The mystery of the "soft corners" explained: the lens is prone to a certain amount of halation wide-open near the edges. If you get a dark, sharp edge near the edge of the frame, you will get a noticeable "light spillover" that will decrease contrast and give an appearance of softness. Most lenses do this wide-open, and this one isn't particularly bad (e.g. the 50/1.4 does this noticeably more; of course, this is long gone by the time it hits f/4.5, though).

4. Vignetting

Vignetting is noticeable if you have large, evenly lit areas in wide-open shots. However, it's nowhere near objectionable enough to make you want to use radial ND filters (good thing too, since there's no filter threads; I've no idea if you could make a gel filter like this either). In a more "chaotic" picture, the vignetting is completely unnoticeable, as it's overwhelmed by the lightness differences in the scene.

5. Distortion

I'm quite impressed by this characteristic: there's barely any distortion to be seen. Yeah, you can see it if you go through the trouble of shooting a rectangular object exactly at right angles and then using a straight reference to measure it, but at least I didn't notice it without jumping through these kinds of hoops. Distortion is well below my "noticing threshold" at all focal lengths.

6. Flare

I'll reserve my judgment about this for now. None of my test shots had major problems with flare, but the lighting conditions were very easy in that respect. We'll see later.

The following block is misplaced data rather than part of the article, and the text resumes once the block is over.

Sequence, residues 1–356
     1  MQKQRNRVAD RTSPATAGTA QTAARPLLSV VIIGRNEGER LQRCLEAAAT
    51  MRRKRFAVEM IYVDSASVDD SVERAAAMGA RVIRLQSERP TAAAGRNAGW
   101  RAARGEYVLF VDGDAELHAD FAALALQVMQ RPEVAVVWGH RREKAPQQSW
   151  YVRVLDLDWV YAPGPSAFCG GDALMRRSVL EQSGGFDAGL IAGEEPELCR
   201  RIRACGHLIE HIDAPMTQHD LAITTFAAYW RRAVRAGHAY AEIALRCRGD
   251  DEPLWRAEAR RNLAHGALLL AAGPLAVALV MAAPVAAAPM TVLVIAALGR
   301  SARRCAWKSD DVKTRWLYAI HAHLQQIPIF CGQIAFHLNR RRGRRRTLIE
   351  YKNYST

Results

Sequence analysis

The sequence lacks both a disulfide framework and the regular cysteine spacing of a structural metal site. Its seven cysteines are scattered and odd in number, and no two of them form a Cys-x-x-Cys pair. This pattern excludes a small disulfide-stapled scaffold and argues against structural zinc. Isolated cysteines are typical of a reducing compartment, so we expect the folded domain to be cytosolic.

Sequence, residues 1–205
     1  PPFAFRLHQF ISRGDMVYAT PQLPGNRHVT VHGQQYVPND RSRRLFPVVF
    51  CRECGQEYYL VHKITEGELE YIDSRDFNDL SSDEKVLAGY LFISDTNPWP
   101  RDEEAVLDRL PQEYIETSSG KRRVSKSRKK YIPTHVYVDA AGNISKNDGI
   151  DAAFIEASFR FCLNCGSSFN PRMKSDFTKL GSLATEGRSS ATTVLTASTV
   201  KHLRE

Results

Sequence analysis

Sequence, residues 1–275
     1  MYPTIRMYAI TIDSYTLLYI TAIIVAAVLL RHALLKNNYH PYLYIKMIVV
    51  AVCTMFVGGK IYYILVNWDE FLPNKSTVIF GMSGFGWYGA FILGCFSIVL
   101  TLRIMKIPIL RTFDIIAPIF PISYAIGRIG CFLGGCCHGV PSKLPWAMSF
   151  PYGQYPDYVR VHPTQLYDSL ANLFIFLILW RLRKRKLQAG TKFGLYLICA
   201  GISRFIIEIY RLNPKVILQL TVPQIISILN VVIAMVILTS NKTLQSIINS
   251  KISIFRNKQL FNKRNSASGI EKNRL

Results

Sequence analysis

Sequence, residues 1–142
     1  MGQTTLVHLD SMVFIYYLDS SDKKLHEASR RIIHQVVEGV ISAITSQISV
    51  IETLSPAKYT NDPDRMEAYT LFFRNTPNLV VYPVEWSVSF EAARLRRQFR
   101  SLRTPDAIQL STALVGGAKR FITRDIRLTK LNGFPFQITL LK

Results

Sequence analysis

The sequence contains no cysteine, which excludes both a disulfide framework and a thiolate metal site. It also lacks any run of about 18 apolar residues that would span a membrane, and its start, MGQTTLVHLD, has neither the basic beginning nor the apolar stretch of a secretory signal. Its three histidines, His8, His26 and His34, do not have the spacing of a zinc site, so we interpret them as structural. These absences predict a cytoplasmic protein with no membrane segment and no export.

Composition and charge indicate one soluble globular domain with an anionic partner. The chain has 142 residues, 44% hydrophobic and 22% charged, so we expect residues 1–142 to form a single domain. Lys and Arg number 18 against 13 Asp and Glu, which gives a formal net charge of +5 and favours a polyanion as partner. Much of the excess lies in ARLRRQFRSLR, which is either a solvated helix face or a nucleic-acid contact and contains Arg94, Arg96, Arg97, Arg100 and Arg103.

Conclusion:

The image holds together respectably well at all apertures and focal lengths. You can detect all kinds of interesting gremlins if you magnify to 200% and really look for them, but they're kept pretty nicely in their cages: nothing in particular jumps out at you. Some softening towards the corners is discernible at all focal lengths less than two stops from wide-open, but less than I had feared. There's very little CA for this type of lens, and extremely little distortion.

What's it good for? Well, I'll wager this lens absolutely shines at off-the-tripod architecture and landscape shots: stop it down to f/11, and even the most critical photographers should be happy with the results. IMO corner sharpness wide-open is more than sufficient for hand-held shooting. However, the lens is less than ideal for situational photography, because it is rather dark: with the 10D cranked to 800, it's OK in good indoor lighting, but marginal in poor indoor lighting. The 20/1.8 would make a very nice companion for it.

Anyway, given the extreme characteristics of the lens, I think it's doing a damn fine job. Perfect it isn't, but I get a feeling that Sigma didn't cut any corners: they did as good a job as they were able. Whether it's good enough for your standards, only you can judge: look at the pictures, try to find a copy to test-shoot, and draw your own conclusions. I can only say that it's good enough for mine.

Petteri
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Portfolio: [ http://www.seittipaja.fi/index/ ]
Pontification: [ http://www.seittipaja.fi/ ]